Day 36 – A quick note from Andean Family Farmers

Day 36 – A quick note from Andean Family Farmers

 

Dona Veri and her chicharon de llama.  A fried llama dish served  with local mote and chuno.

Dona Veri and her chicharon de llama. A fried llama dish served with local mote and chuno.

      As I explored the Fair Trade value chain, I visited with Yeres and Ghita of Andean Family Farmers, the technical/producer arm of Andean Naturals, one Saturday morning at their Oruro office located in a tall building in the middle of the busy Cochabamba street market. There they shared some stories and data with me. Their Fair Trade certification is managed by Europe’s FLO Cert (I have an interview with Tito the certifier, in two weeks). They tend to work more with smaller producer groups and independent farmers than their European Fair trade counterparts who prefer large worker-managed associations. Their US certification comes form Fair trade USA. Andean Naturals ships an average of 20 to 25 containers of both Fair Trade and organic quinoa flakes and grains from Bolivia a month. They are hoping to soon to be working with Costco as a US client.

            The minimum Fair Trade price for a ton of quinoa is set by FLO at a world standard of $2,600 a tonelada. Currently the Bolivia Fair Trade price is at $2,800 to $3,000 a tonelada, which is significantly lower from last year’s $6,000+ a tonelada price. The FLO Fair Trade world price for quinoa, is not at a sustainable level for the Bolivian farmers who purposely produce lower yields using more artisanal, indigenous methods, being careful not to overplant their lands. Despite lower world prices for Fair Trade quinoa, Andean Naturals strives to continue to create value and develop new market ways to maintain their Fair Trade purchases at a fair price for the Bolivian farmers.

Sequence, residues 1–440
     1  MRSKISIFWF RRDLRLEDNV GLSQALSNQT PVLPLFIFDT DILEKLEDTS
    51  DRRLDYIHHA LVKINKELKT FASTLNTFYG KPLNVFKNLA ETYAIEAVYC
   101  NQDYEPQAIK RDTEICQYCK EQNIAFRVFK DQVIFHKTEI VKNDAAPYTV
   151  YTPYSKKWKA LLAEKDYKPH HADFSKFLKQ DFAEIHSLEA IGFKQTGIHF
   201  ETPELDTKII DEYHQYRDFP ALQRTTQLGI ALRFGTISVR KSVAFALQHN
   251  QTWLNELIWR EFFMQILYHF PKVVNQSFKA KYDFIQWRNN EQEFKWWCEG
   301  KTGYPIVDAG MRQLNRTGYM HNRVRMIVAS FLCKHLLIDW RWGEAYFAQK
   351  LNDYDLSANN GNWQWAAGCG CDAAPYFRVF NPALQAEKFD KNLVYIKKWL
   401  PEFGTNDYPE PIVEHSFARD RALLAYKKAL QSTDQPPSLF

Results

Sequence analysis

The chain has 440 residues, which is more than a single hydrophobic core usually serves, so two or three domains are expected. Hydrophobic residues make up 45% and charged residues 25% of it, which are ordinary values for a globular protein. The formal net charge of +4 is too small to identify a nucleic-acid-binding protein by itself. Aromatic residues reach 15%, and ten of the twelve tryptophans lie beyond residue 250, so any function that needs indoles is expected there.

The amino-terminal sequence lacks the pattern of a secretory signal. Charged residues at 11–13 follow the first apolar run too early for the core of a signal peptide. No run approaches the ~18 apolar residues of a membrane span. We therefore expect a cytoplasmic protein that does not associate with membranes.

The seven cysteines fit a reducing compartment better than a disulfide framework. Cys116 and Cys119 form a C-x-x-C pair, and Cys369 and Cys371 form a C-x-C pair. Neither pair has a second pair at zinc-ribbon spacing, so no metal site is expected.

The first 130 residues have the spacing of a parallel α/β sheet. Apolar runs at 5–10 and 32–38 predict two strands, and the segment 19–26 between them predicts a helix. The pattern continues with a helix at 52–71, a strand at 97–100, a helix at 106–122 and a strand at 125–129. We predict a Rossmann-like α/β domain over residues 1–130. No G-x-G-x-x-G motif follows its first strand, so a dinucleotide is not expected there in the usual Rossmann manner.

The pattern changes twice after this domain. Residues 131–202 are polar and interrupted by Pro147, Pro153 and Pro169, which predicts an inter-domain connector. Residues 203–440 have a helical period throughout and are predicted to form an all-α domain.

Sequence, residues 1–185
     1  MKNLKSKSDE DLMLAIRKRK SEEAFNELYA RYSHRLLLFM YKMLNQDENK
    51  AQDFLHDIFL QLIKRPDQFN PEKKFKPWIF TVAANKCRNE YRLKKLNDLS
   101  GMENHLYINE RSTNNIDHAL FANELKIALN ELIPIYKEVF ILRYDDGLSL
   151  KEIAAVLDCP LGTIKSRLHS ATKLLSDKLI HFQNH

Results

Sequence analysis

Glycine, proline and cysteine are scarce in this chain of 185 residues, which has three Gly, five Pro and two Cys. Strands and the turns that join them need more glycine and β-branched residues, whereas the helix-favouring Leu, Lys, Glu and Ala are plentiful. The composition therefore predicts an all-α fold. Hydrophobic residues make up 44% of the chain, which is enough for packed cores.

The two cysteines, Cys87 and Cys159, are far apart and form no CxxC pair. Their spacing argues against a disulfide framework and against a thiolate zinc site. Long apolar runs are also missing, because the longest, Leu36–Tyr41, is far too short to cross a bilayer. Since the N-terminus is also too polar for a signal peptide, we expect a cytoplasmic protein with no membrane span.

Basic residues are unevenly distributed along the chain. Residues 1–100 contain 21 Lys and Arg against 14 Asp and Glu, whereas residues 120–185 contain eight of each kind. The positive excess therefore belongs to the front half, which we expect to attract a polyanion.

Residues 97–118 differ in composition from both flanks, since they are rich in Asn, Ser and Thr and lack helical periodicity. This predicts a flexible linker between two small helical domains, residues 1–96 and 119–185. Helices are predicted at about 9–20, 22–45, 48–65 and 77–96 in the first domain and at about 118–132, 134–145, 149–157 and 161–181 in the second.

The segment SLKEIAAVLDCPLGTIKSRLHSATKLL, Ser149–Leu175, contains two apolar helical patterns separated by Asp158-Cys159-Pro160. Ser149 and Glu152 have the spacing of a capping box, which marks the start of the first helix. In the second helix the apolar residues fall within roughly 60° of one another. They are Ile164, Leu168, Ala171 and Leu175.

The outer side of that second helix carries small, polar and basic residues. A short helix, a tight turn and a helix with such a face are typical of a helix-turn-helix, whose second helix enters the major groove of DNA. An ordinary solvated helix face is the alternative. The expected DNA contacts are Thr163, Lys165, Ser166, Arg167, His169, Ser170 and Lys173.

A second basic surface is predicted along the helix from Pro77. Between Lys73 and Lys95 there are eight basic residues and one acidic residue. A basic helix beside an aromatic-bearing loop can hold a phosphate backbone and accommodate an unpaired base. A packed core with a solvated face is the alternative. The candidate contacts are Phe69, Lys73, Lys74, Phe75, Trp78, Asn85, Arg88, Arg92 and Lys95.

Yeres and Ghita admit that sometimes it has been difficult to administer the social premium fund paid by Andean Family Farmers, but as their producers are becoming more organized and understand better how the funds are to be used (for community, not association development), these funds are arriving at producer locations. One association used their funds to benefit the community school children providing books, pencils, pens and backpacks for all children. Another association invested into a study of beneficial plants for pest control, natural fertilizers for the soil and a higher quality pre-cleaning system. Andean Naturals is helping a Kellogg Foundation project to partner with another community to bring solar panels and basic sanitation in the forms of wells and latrines to a quinoa growing region that has not yet been electrified or received these services.

            At this meeting (two weeks ago), we set up my travels to Quillacas to meet some of their Fair Trade producers. Now I am in Quillacas with the producers and it has been a great visit. Yesterday, Ghita and Ximena from Andean Family Farmers stopped by to introduce a La Paz reporter, Cecilia, who was studying rural child nutrition, to the community and see how Eufraen’s quinoa shipment was going. We had a nice lunch together of chicharon of llama (fried llama), mote (rehydrated corn) and chunos (recydrated pottoes) all local and organic, very delicious! Then I was off to teach a marketing lesson to the Quillacas 8th graders while the women went to visit a rural community they had arranged to see. It was a short, but nice visit.

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